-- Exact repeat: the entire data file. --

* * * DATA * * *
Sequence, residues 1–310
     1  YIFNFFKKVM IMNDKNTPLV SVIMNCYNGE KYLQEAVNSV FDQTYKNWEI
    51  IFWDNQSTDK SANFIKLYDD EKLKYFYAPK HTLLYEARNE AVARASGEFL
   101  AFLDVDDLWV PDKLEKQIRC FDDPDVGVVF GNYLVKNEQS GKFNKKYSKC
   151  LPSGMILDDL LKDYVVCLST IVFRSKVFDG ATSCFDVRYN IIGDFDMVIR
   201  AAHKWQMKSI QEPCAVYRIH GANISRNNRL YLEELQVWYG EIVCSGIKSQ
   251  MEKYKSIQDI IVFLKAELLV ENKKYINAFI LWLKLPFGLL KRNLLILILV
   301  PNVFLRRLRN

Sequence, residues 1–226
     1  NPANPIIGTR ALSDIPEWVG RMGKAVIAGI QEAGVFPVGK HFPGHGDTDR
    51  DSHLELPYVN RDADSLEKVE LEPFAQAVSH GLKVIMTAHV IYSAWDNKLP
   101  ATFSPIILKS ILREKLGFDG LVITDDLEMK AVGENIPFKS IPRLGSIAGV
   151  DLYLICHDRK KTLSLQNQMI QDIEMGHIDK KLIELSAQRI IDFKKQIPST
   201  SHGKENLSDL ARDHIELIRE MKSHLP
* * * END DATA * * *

Sequence, residues 1–310
     1  YIFNFFKKVM IMNDKNTPLV SVIMNCYNGE KYLQEAVNSV FDQTYKNWEI
    51  IFWDNQSTDK SANFIKLYDD EKLKYFYAPK HTLLYEARNE AVARASGEFL
   101  AFLDVDDLWV PDKLEKQIRC FDDPDVGVVF GNYLVKNEQS GKFNKKYSKC
   151  LPSGMILDDL LKDYVVCLST IVFRSKVFDG ATSCFDVRYN IIGDFDMVIR
   201  AAHKWQMKSI QEPCAVYRIH GANISRNNRL YLEELQVWYG EIVCSGIKSQ
   251  MEKYKSIQDI IVFLKAELLV ENKKYINAFI LWLKLPFGLL KRNLLILILV
   301  PNVFLRRLRN

Sequence, residues 1–226
     1  NPANPIIGTR ALSDIPEWVG RMGKAVIAGI QEAGVFPVGK HFPGHGDTDR
    51  DSHLELPYVN RDADSLEKVE LEPFAQAVSH GLKVIMTAHV IYSAWDNKLP
   101  ATFSPIILKS ILREKLGFDG LVITDDLEMK AVGENIPFKS IPRLGSIAGV
   151  DLYLICHDRK KTLSLQNQMI QDIEMGHIDK KLIELSAQRI IDFKKQIPST
   201  SHGKENLSDL ARDHIELIRE MKSHLP